At issue are two long-held legal principles. One is the right of private-sector workers to band together and pursue union representation, as embodied in the 1930s National Labor Relations Act (NLRA), which the NLRB oversees.
The other is tribal sovereignty, which has been affirmed by Supreme Court decisions going back to the 1820s.
Tribal law is tremendously complicated and I am no expert. What I do understand suggests that with federal labor law, the tribes might have to comply due to their “domestic dependent nations” status as proclaimed by John Marshall. Were it state law, then they would have a much better case because state sovereignty over indigenous land is less clear. Plus, there is a long history of U.S. labor law already applying to workers on reservations, including OSHA.
But this is just the same kind of capitalist avoidance of basic rights for workers that Vegas casinos or apparel manufacturers or anyone else engages in. And the arguments are equally absurd:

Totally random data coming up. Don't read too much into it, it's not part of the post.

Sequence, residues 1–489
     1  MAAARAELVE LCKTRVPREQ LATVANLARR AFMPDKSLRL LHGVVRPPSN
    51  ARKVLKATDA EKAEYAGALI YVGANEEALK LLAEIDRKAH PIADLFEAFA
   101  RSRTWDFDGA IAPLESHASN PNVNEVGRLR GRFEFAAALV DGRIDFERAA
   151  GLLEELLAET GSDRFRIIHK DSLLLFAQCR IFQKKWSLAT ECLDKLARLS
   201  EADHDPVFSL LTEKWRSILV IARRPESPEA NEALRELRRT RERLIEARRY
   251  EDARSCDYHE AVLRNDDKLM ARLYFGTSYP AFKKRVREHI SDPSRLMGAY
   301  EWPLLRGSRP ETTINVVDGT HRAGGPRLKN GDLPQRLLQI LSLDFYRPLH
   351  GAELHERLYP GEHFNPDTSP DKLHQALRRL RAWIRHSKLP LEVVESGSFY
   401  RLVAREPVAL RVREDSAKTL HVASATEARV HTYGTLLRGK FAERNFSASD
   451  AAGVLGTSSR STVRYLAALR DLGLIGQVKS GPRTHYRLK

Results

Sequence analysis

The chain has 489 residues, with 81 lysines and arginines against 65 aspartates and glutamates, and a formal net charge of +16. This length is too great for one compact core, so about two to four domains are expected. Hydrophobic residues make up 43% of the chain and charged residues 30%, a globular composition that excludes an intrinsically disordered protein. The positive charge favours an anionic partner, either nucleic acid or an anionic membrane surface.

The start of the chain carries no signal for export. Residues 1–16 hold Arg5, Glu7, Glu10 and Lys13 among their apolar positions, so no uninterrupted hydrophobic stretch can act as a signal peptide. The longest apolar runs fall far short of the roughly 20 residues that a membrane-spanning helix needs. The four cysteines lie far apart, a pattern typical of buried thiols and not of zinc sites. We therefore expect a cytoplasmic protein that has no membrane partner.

But if the NLRB gets its way and unions move in, potentially raising the Soaring Eagle’s operating costs and eroding its profits, “the impact on the tribe and its governmental services would be, in a word, devastating,” said the tribe in a brief filed with the 6th U.S. Circuit Court of Appeals in Cincinnati.
The casino is “critical to the political integrity of the tribe,” the brief said. The tribe, which does not tax its members, receives 90 percent of its income from the casino.
Ha ha ha ha, what a funny joke. Or it would be if it wasn’t trying to seriously make this argument. This is the same overheated anti-union rhetoric we’ve heard from Henry Clay Frick, Walmart, and countless others. In many ways, this case is not all that dissimilar on principle from Israel/Palestine. Native Americans’ historical oppression does not give them the right to oppress others.
On September 14, 1959, President Dwight Eisenhower signed the Landrum-Griffin Act after actively lobbying for its passage. Officially known as the Labor Management Reporting and Disclosure Act, Landrum-Griffin used union corruption as an excuse for a broad-based attack upon organized labor on issues completely unrelated to corruption. The passage of this bill was another major blow to organized labor in the early years of the Cold War that moved power away from unions and back to corporations.